The wonder of saying yes and letting go (Part 3)

My fondest memories of school had nothing to do with class. And my favorite work memories weren’t really about the work. It’s always been about the people and the stories that happened somewhere along the way.

And great stories, great memories always start with a yes.

Note: For this story, it might be helpful to start with Part 1 and Part 2

Like one time when Lainey was hosting a Women of Jellyvision night and asked the men on the sales team to consider sending flowers and chocolates. Sam called a meeting for me and Omar to discuss. “Maybe, but what if we sent some kind of singing telegram?” Yes! Did a quick Google search. Made a call. The actress went through different options available. Clown. Grim Reaper. Pink Gorilla. We looked at each other and without needing to discuss, we were already in complete agreement.

“Well, I think we’ve gotta go with the Pink Gorilla.”


But we didn’t give Lainey any sort of head’s up. So they’re gathered in the apartment, bottles of wine opened, appetizers out and they look out the window to see a fuzzy pink gorilla standing outside on the sidewalk. Doorbell buzzes.

Knock, knock. Who’s there? Pink Gorilla. Pink gorilla who–wait, what?

Lainey gives us a call and, even at that point, I don’t think we either confirmed or denied being responsible. So they cautiously buzzed in the pink gorilla assuming it was either tied to me, Sam, and Omar or they were at the beginning of a horror movie.

Pink Gorilla climbs up the stairs. She walks in, catches her breath (it was like 85 degrees outside). Starts to sing. Then maybe 10-15 minutes later, the pink gorilla exits and the Women of Jellyvision sales look at each other wondering, “What the hell just happened??”

The Beginning of Long Overdue

A little after the four-year mark at Jellyvision, I had an idea for a startup business. It didn’t have a name at the time and the picture was still pretty blurry. The general concept, though, was to help people turn their stories into books. Could be early-stage authors, could be someone retired who wants to write their first book, or could be families who just want to sit down with their parents/grandparents and record stories.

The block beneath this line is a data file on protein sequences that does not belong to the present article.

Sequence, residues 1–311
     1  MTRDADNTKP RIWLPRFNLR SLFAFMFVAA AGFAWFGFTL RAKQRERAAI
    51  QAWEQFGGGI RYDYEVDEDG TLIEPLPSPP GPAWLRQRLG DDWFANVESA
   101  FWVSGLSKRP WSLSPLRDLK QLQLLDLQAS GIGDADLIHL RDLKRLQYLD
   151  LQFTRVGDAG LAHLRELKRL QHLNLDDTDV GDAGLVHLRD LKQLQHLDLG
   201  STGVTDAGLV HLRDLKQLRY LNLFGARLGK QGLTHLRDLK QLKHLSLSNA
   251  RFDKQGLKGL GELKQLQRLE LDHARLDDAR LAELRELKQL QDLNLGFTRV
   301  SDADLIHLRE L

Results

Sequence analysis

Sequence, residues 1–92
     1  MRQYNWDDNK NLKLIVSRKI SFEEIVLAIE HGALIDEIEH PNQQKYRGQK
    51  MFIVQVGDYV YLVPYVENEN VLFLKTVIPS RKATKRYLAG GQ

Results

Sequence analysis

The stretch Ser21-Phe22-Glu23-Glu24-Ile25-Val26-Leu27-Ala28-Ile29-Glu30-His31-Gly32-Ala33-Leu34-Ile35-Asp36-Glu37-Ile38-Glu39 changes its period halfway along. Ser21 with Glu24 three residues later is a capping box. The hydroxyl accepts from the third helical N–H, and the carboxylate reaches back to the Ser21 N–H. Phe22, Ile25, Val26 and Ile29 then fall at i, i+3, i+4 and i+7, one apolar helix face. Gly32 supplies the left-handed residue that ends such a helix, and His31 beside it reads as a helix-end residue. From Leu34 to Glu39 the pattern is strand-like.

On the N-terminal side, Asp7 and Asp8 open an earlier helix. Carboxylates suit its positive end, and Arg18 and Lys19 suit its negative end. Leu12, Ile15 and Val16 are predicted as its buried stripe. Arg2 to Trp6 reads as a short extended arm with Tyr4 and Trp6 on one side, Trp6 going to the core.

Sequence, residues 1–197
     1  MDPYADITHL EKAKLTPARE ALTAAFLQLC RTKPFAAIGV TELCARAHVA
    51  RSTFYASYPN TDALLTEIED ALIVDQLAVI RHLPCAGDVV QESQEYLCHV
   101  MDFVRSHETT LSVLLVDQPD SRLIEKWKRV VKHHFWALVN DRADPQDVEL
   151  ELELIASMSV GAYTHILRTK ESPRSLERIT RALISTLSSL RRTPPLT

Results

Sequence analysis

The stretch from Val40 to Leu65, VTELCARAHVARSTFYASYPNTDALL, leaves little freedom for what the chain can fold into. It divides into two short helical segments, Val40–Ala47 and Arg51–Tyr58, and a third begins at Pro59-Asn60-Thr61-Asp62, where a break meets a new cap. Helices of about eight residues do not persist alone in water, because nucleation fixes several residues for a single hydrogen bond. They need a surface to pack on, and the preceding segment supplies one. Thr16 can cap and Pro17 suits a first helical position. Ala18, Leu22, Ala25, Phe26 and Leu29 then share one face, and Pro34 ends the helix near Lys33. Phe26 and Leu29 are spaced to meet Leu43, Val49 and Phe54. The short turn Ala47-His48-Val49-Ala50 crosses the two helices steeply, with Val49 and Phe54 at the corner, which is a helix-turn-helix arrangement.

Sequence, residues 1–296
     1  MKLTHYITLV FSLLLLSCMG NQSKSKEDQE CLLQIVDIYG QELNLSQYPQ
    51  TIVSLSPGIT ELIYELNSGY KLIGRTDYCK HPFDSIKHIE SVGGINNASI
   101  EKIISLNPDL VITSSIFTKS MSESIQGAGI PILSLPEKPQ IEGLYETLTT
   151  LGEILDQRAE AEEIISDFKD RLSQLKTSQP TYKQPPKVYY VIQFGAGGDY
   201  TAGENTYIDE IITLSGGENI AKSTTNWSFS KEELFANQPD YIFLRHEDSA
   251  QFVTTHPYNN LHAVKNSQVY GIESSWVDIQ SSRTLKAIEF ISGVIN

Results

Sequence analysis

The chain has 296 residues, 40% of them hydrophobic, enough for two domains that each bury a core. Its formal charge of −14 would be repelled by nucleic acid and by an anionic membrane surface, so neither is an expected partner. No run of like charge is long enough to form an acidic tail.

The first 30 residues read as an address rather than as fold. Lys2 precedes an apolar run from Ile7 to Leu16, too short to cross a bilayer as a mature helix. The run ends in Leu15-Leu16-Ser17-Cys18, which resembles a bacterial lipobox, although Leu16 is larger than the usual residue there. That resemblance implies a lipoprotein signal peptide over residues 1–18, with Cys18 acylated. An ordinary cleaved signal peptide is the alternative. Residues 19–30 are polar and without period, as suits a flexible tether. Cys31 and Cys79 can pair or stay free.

I’d spent four years in the flow, both at work and life in general, seeing ideas come together over and over again. Even something as random as the Pink Gorilla. The flow is this magical thing that drives out fear and makes anything seem possible. So even something like starting a business, it didn’t seem that scary anymore. It was a leap of faith I could meet with at least a small Yes.

But the ego or pride, whatever you want to call it, likes to believe things that happen inside the flow are it’s own. Loves to take credit, forgetting the power of the flow is about doing less. Letting go. Accomplishments are the ego’s fuel and it loves to dream about future goals and destinations. And maybe that’s necessary at first. You need the overconfident “I can do this” pep talk to make the initial leap. But without knowing it, I was beginning to exit the flow. I started to make my own plans disguised behind a leap of faith. My plan: I’ll go work at a Venture Capital firm, learn how early-stage companies get started, learn how they pitch to investors, then in 1-2 years my business idea (now called Long Overdue) will be ready to go. It was like going off to college again. I’ll keep playing basketball and study political science… 

And so I worked incredibly hard in 2019. Before work. After work. Almost every Friday night for a year, these were my Long Overdue working nights rather than going out. I was lost trying to figure out how to get started. How to build a website. Find customers. Navigate the legal and banking paperwork. The whole way, I felt like the harder I worked the more I was proving to myself that I could do this. The destination was my continual motivation. If I can just get to this point, then I’ll be happy. If only Long Overdue could only become my full-time job…

During this time, I was also taking writing classes at Second City; the original home of the “Yes And” philosophy. The idea that great improv comedy, great writing, great stories start with a Yes And. I was enjoying the classes, but I decided after Writing 3 to take a break and, as was the case with most things, the plan was to focus more on Long Overdue. A few of my friends continued in the writing program and come October they were ready to do casting for their Writing 6 graduation comedy show. My friend Lauren sent me an email about the audition.